Many people (in Africa, or India for example) don't have a mobile phone, or have a phone that can't do that job.
But if you can, obviously you can use your phone instead of hardware RSA token.

This can be an effective way to send Bitcoin by postal mail to a trusted person for example a grandma.

1) Cut the note in half
2) Send the private key.
3) Verify receipt
4) Send the public key

Concerned that blockchain bloat will lead to centralization? Storing less than 4 GB of data once required the budget of a superpower and a warehouse full of punched cards. https://upload.wikimedia.org/wikipedia/commons/8/87/IBM_card_storage.NARA.jpg https://en.wikipedia.org/wiki/Punched_card
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July 19, 2012, 02:25:10 AM
 #8


This can be an effective way to send Bitcoin by postal mail to a trusted person for example a grandma.

1) Cut the note in half
2) Send the private key.
3) Verify receipt
4) Send the public key


The public key can be calculated from the private key and isn't needed to spend the funds.

Companies claiming they got hacked and lost your coins sounds like fraud so perfect it could be called fashionable.  I never believe them.  If I ever experience the misfortune of a real intrusion, I declare I have been honest about the way I have managed the keys in Casascius Coins.  I maintain no ability to recover or reproduce the keys, not even under limitless duress or total intrusion.  Remember that trusting strangers with your coins without any recourse is, as a matter of principle, not a best practice.  Don't keep coins online. Use paper wallets instead.
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July 19, 2012, 02:56:01 AM
 #9


This can be an effective way to send Bitcoin by postal mail to a trusted person for example a grandma.

1) Cut the note in half
2) Send the private key.
3) Verify receipt
4) Send the public key


The public key can be calculated from the private key and isn't needed to spend the funds.

You all are trying to turn Bitcoin into something that it is not. This is just my opinon. Perhaps it is the puritan in me talking but this is getting dangerous now.

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unclemantis
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July 19, 2012, 03:29:15 AM
 #10

I think a bit about this, and I invent a method of using bitcoin notes in close to usual banknotes way.
You need 3-th side in this, say paperbitcoins.com
You need to create an account on paperbitcoins.com and preload it with some bitcoins on you'r main wallet.
Next you need to create a bills what you need. Say 500 mBTC, 1 BTC, 1 BTC, 2 BTC, 2 BTC, 5 BTC, 10 BTC.
Then you got the barcodes, related to this bills. It's not bitcoin keys, it's paperbitcoins.com-inside codes.
Then you need to print the notes like this

in my example it will be 7 notes with nominals 0.5, 1, 1, 2, 2, 5 and 10 BTC. Probably you need to use a different colors for different face value for usability reasons, but it's not matter. You need you'r barcodes on that notes. Actually paperbitcoins.com can automatically generate for you 7 svg files with you'r notes.
Then you need a RSA SecurID token, connected to you account on paperbitcoins.com.
You also need the public key from your main wallet for your change. You can paint it on your RSA token for example.

Say, you need to pay 2,9 BTC.
You find 1 BTC and 2 BTC notes in your wallet and give it, with your RSA token, to the seller.
Then the seller scan codes from your notes, enter the authentication code from your RSA token (in software from paperbitcoins.com), and got 3 BTC from you. Then the seller scan public key from the main wallet and charge you 0.1 BTC back. You can't control you charge back, but if you care, you can print a many small notes, like 50 mBTC and pay without a charge.
Then the seller gives you back your notes and RSA token. This is a reusable notes.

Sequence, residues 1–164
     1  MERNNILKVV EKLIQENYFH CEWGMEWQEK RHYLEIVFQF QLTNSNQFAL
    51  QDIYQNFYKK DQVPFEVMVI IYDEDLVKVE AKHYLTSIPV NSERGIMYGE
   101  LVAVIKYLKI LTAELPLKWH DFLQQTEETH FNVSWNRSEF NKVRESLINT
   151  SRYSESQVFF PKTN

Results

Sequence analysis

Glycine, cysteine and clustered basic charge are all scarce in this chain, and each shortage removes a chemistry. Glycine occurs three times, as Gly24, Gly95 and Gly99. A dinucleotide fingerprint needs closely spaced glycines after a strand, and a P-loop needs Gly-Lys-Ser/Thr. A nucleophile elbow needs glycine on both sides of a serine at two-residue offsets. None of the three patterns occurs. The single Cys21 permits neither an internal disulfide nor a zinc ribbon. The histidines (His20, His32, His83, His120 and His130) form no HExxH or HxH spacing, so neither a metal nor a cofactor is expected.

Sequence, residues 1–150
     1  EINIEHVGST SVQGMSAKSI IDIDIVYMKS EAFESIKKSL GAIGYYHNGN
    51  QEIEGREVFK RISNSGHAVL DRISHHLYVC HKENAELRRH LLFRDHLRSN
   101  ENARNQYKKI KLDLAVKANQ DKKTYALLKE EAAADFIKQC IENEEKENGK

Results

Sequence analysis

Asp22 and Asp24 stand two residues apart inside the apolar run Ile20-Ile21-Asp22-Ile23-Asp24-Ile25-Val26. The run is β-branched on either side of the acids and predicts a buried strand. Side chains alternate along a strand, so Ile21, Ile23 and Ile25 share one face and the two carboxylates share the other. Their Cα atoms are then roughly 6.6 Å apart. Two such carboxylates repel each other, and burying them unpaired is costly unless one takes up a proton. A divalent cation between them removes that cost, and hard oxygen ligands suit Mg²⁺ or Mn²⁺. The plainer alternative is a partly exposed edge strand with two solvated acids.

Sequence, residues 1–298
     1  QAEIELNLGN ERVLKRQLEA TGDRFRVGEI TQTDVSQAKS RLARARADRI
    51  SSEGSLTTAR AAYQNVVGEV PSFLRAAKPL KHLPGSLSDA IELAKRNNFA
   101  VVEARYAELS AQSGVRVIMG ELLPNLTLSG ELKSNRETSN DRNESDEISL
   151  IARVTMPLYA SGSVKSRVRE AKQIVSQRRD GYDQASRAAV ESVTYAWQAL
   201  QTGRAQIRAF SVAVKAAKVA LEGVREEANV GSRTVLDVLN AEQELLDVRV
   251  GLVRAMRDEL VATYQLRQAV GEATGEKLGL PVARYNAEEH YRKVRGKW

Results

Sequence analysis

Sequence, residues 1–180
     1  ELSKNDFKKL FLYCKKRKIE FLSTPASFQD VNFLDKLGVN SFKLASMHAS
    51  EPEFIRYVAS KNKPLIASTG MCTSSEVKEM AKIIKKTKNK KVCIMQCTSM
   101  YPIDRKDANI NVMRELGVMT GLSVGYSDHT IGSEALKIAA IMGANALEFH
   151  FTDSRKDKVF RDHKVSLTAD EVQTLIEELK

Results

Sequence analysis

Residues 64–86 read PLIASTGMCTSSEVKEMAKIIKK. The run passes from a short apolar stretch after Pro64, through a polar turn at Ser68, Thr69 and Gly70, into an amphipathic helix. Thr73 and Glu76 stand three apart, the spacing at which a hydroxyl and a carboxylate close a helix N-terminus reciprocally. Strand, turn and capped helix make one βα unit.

When the authentication code on the RSA token will change, or after any amount of time, you choose, more than this, paperbitcoins.com automatically will reload your notes from the main wallet. And now you can use it again.

This is a way more secure than a notes with bitcoin public keys on it. You do not need to hide and bother about your notes.
And my grandma still can use it. I can print a notes for her, give her a token, and tell how to use it.
This is similar to common money, but you need to take it back after you use it.
If you loose it, no one can stole your money, without your token. If you forgot to take you notes back, don't worry, your money is not be lost, you can go to paperbitcoins.com, destroy that notes, take money from them on you main wallet and create new notes.

BTW, I don't know if this is usable, but what do you think?

I am reading this over and over and it reads like a smartphone app but without the smartphone.

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July 19, 2012, 04:19:27 AM
 #11



this is a very attractive looking bitcoin banknote

did you make it your self?

if i was you I'd enter it into casascius banknote contest

https://bitcointalk.org/index.php?topic=92969.msg1040031#msg1040031

rastapool
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July 19, 2012, 04:24:56 AM
 #12

No, it's from casascius banknote thread. This note was made by psy.

Quote
like a smartphone app but without the smartphone
I think it's pretty successful analogy.

The parasite hates three things: free markets, free will, and free men.
Napster is down - this is the END of illegal file sharing!
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July 19, 2012, 04:40:35 AM
 #13

No, it's from casascius banknote thread. This note was made by psy.

Quote
like a smartphone app but without the smartphone
I think it's pretty successful analogy.
Wow psy good job!!!

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            ,╓p@@███████@╗╖,           
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finkleshnorts
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July 19, 2012, 05:16:46 AM
 #14


This can be an effective way to send Bitcoin by postal mail to a trusted person for example a grandma.

1) Cut the note in half
2) Send the private key.
3) Verify receipt
4) Send the public key


The public key can be calculated from the private key and isn't needed to spend the funds.

You all are trying to turn Bitcoin into something that it is not. This is just my opinon. Perhaps it is the puritan in me talking but this is getting dangerous now.

+1

unless you can hand someone a bill and forget all about it, im not sure what this accomplishes.

Cool idea though! interested to see where this goes.